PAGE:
When a custody arrangement is determined by the court, the most important factor in the judge's decision is the child's best interests. Most couples who settle their divorces privately also put their children's best interests first, even if it causes them emotional and financial hardships. However, a child's needs and wants change greatly over time. Custody terms that worked when your child was a toddler, for example, may not be appropriate or practical when he or she becomes a teenager with academic, social and financial responsibilities. That's why the New Jersey family courts allow for changes to the existing custody order, as long as both parents consent to the terms.
The issue becomes a lot more complicated when it's the child who wishes for the change. At some point, most divorced parents end up having to deal with angry or rebellious children who refuse to visit them. The estrangement is temporary in most cases, so it's best to give your child space and time, while attempting to maintain contact through indirect means such as phone calls and emails. If your child repeatedly refuses to see you for a period of week or months, you may need to take direct actions towards remedying the situation.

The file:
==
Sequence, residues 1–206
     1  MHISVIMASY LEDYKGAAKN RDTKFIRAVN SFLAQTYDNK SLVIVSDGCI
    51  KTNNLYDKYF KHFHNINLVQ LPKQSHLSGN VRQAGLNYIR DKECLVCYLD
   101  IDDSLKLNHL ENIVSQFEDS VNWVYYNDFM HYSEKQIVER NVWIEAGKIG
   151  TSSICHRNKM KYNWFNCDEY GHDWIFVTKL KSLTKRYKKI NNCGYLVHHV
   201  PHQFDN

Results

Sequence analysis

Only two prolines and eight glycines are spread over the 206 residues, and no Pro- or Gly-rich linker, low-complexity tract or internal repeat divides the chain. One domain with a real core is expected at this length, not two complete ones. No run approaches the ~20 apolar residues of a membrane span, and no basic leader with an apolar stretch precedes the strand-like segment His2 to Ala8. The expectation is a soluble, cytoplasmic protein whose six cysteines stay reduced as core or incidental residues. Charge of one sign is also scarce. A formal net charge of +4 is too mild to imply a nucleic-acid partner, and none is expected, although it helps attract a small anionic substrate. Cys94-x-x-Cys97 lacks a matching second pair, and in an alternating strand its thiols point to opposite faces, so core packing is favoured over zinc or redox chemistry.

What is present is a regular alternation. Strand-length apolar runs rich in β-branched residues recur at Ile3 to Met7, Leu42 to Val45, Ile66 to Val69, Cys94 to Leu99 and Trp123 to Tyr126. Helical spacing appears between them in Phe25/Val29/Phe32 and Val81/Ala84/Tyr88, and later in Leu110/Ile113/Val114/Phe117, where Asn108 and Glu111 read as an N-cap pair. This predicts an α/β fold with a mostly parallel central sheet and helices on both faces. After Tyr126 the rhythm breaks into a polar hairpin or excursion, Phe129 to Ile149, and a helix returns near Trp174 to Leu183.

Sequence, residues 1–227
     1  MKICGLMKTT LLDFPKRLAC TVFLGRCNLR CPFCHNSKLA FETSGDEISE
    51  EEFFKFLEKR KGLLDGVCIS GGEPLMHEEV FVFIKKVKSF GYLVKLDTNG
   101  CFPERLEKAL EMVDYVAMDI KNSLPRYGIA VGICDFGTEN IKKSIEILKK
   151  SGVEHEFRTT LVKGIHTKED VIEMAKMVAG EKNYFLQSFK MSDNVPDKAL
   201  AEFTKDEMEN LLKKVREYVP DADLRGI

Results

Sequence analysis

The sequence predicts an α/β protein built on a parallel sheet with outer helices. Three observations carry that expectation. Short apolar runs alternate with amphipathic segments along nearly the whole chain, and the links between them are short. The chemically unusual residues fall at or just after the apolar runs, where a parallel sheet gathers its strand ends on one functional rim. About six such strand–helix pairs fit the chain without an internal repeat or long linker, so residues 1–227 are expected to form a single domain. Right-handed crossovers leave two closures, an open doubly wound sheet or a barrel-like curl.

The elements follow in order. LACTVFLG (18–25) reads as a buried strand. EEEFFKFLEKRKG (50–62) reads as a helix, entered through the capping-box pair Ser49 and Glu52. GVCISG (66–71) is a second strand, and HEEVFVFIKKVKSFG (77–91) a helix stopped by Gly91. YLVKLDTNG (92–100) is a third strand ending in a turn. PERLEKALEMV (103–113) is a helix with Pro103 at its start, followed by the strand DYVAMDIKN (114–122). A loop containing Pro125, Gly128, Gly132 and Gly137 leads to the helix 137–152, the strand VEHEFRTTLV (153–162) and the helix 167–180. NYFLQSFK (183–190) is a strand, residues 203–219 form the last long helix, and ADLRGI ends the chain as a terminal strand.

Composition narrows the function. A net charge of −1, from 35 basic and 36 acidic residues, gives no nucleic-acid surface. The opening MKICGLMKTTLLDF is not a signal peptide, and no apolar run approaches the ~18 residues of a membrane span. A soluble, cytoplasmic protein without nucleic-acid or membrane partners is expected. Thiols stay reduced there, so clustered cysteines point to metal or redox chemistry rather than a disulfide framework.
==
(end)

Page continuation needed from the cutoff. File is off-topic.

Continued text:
You should start by speaking with your former spouse, if at all possible. If he or she refuses to talk about it, or sides with your child, you may need to ask the court to enforce the visitations. You must tread carefully, however, when it comes to legal actions involving parental rights versus the child's preference. While New Jersey goes to great lengths to uphold a parent's rights, it cannot ignore the wishes of a child who has the mental and emotional capacity to make certain choices. There are no guarantees on how a judge will view your case, but an experienced family law attorney can advise you on the pros and cons of going to court.
First, if your child is 16 or older, the court will take his or her opinion very seriously. They will try to determine whether your child's reason is valid, and not based on something trivial like you not allowing them to have parties at your house. Younger children's wishes are not ignored, but the court will lean more heavily on what it determines to be the child's best interests, which in many cases means enforcing visitations. The court will also examine whether your child appears to have been influenced by the other parent's words or actions. If so, your former spouse may be committing custodial interference, which refers to words or actions that are intended to interfere with a parent's custodial rights. This is a very serious legal matter, so you should speak with a lawyer right away if you suspect that your ex poisoning your child against you. The family law attorneys of Villani & DeLuca P.C. look forward to advising you on these, and any other issues pertaining to your parental rights.